B. 20 Mar. 1142, s. of Henry, earl of Northumbria and Huntingdon, and Ada, da. of William de Warenne, earl of Surrey; acc. 24 May 1153; d. Jedburgh, 9 Dec. 1165; bur. Dunfermline.
The death of earl Henry in 1152 left Scotland with a boy-king the following year, and the earldom of Northumbria in his younger brother's hands. Malcolm's slender affinity with his Celtic subjects, and continued trust in foreign incomers and their Normanizing policies, resulted in rebelliousness amongst the native earls in areas formerly held quiescent. Henry II of England, newly enthroned, power-hungry, and sensing a vulnerability absent under David I, moved quickly and, in a treaty at Chester (1157), reclaimed northern England, settling the Scottish border on the line of the Solway and Tweed. In return, the honour of Huntingdon (removed from earl Henry by Stephen in 1141) was restored to Malcolm, and the lordship of Tynedale bestowed upon his brother William. After they had assisted Henry in bringing the count of Toulouse to heel, in Aquitaine (1159), Malcolm was knighted by his cousin; this suggestion of vassaldom so annoyed six of the Scottish earls that they besieged Malcolm, unsuccessfully, at Perth castle. Resistance in Ross, Argyll, Moray, and Galloway failed to unseat him, and Somerled, ‘lord of the Isles’, was slain when invading Renfrew in 1164. Malcolm's power advanced into Clydesdale (where a Flemish colony was installed), Kyle, and Renfrew, where the Stewart dynasty was built up; a single kingdom—the ‘kingdom of Scotland’—was emerging out of a single kingship. Known from the fifteenth century as ‘the Maiden’ for his chastity, Malcolm continued many of his grandfather's innovative practices, founding Cupar Angus abbey in 1162, but died unmarried three years later.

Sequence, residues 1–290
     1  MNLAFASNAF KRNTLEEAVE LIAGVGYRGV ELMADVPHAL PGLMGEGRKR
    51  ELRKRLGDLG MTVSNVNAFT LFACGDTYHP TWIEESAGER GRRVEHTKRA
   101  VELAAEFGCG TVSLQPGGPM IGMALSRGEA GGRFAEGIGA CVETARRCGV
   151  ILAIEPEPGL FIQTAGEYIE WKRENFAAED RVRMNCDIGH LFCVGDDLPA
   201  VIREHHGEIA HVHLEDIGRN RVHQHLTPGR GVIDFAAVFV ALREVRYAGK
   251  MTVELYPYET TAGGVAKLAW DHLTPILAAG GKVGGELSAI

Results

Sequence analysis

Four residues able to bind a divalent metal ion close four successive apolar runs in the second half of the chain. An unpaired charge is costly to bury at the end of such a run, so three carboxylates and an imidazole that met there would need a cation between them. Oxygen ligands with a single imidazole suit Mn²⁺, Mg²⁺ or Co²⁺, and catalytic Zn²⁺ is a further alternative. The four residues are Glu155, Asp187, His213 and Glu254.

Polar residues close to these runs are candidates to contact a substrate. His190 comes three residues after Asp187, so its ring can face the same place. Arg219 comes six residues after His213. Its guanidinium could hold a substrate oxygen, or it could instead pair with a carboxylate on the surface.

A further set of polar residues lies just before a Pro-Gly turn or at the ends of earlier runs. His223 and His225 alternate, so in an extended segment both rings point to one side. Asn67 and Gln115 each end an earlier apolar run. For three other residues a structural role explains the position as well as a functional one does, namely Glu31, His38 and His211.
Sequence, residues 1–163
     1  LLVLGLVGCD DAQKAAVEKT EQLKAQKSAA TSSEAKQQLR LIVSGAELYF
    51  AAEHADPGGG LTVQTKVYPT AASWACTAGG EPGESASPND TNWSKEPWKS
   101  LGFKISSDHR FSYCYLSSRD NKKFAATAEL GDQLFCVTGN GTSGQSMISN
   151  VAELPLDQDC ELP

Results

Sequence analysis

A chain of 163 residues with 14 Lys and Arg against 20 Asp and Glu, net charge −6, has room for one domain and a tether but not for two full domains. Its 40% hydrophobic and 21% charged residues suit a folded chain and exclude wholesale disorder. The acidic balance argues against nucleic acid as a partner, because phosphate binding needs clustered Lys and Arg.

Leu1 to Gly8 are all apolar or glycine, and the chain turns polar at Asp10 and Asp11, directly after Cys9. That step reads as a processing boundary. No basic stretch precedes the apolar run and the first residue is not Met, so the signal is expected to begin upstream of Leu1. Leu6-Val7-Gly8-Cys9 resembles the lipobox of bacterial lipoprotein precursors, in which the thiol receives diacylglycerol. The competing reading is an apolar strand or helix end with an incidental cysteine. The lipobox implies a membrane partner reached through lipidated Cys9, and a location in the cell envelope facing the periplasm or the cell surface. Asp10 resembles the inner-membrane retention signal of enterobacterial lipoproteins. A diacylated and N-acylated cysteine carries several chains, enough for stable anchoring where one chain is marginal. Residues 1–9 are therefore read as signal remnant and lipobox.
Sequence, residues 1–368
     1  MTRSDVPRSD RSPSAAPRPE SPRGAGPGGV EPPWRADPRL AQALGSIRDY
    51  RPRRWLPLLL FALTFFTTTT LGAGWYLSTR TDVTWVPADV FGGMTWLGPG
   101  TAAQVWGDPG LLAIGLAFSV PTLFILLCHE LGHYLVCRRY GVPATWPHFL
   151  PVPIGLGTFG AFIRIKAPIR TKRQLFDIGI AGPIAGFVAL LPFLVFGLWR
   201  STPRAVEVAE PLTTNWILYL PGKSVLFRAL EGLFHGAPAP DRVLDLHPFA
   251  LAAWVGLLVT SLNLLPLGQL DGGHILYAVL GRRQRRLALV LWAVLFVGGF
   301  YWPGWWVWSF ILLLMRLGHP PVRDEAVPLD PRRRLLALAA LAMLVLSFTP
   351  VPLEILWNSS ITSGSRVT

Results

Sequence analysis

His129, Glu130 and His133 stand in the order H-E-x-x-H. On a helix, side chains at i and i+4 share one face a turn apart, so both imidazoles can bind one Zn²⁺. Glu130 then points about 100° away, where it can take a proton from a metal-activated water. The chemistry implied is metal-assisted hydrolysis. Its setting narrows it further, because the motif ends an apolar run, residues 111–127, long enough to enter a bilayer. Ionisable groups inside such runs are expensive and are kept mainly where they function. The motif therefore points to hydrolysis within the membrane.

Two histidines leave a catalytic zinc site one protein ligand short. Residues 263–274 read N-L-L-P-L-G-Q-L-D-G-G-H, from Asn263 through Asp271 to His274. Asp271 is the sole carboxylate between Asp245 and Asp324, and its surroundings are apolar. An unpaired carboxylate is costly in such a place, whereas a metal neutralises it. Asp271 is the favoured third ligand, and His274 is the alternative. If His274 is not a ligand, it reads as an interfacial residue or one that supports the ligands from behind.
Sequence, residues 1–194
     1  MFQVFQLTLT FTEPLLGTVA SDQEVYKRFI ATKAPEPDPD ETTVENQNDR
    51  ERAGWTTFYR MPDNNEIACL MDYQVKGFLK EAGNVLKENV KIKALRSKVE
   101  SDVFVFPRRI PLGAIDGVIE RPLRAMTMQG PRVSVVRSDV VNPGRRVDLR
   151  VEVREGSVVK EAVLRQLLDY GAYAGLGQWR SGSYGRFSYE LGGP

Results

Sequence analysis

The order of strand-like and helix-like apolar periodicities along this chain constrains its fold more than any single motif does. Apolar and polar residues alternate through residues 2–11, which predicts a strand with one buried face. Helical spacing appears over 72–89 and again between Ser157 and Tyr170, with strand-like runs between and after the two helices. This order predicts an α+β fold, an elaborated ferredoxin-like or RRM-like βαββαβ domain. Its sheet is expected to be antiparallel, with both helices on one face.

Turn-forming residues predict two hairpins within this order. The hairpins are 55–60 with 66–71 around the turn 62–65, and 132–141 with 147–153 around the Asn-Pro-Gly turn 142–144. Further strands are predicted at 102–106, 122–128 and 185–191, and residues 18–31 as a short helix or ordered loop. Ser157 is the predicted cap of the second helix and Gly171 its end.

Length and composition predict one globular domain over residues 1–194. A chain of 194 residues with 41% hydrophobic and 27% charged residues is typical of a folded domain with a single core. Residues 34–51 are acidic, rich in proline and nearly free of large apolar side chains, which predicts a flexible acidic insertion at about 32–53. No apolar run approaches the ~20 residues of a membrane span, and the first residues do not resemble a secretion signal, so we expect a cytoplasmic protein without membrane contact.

Subjects: British History.